Seed Engine – Rare opportunity for South African Startups

Getting  venture capital funding is a rare opportunity for South African startups.  The ideal situation for early stage companies seeking funding would have the following:

  1. Some funding (without losing a massive chunk of equity based on a fair valuation) and support;
  2. Mentorship and coaching;  and
  3. Networking with other funding opportunities and hard-to-reach networks.

They are opening a new round of applications on the 1 September 2013. Our advise is that you arrive early and take time to carefully fill out the form early. Demand is likely to be great.

(Editor’s Note: Before you ask, Zapreneur is not applying for this. We think we are reaching product-market fit, and will be bootstrapping). 

Seed Engine Ticking The Boxes

Let us take a closer look at the features (i.e. funding, mentorship and networks) to Seed Engine. In sum, it  ticks all these boxes, and then some. In fact, this is one of the few competitive processes available to South African startups.

1. Funding and support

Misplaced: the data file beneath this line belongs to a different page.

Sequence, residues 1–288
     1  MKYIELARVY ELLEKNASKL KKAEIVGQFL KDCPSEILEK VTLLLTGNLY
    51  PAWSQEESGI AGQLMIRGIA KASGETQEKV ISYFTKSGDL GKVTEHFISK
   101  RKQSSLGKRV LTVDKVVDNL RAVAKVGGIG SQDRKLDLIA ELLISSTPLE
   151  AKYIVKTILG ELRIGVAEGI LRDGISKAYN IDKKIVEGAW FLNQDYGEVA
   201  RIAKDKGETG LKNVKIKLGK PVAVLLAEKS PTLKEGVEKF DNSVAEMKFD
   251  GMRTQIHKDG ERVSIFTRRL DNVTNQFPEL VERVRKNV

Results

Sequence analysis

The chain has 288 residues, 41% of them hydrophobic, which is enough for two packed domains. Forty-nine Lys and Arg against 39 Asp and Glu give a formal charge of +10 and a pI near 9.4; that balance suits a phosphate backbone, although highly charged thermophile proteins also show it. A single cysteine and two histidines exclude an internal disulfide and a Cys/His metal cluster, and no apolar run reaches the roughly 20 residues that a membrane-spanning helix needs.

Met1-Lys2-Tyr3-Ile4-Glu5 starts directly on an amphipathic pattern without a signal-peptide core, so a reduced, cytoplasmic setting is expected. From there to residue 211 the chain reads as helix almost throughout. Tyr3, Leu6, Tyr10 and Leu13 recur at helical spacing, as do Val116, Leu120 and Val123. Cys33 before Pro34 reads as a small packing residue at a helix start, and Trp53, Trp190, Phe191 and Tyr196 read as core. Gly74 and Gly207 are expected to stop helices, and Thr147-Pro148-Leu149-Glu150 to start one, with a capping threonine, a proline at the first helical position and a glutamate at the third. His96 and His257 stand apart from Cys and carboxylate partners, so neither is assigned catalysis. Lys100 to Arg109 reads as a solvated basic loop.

Seed Engine provides R 100 000 capital in exchange for 20% of equity, and gives your startup a valuation of R 500 000-00.  In addition, winning applicants will receive R 300 000-00 in services from a range of companies.  This includes:

  • Werksmans Attorneys now assist Seed Engine and its start ups with legal documentation, compliance and advice.
  • Absa have joined Seed Engine for the next programme contributing operating capital.  They have also sponsored trips to both Stellenbosch and the United Kingdom, geared towards enhancing skills and promoting start up trade relations with international stakeholders including entrepreneurs, corporates and potential investors.  This partnership includes the University of Stellenbosch, CEDAR, Vumali and EDFM.